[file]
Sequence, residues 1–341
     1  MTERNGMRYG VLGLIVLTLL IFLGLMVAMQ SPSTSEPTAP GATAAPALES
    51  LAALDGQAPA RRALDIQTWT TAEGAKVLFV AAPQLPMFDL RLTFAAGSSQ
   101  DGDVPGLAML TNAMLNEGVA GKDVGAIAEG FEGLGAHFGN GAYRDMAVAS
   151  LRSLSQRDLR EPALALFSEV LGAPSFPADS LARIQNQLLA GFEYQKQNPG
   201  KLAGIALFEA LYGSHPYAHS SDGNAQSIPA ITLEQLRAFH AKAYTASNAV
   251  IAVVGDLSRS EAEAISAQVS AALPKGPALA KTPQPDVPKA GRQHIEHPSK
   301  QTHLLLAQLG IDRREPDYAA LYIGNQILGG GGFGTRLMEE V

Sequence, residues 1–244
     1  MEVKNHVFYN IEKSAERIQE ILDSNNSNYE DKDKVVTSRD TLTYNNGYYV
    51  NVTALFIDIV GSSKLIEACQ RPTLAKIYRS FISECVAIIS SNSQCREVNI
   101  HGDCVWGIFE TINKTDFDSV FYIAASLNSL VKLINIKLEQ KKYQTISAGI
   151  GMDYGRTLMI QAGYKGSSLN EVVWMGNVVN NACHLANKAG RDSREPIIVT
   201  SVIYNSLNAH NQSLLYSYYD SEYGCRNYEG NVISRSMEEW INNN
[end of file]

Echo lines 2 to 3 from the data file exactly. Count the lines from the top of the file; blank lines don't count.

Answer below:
     1  MTERNGMRYG VLGLIVLTLL IFLGLMVAMQ SPSTSEPTAP GATAAPALES
    51  LAALDGQAPA RRALDIQTWT TAEGAKVLFV AAPQLPMFDL RLTFAAGSSQ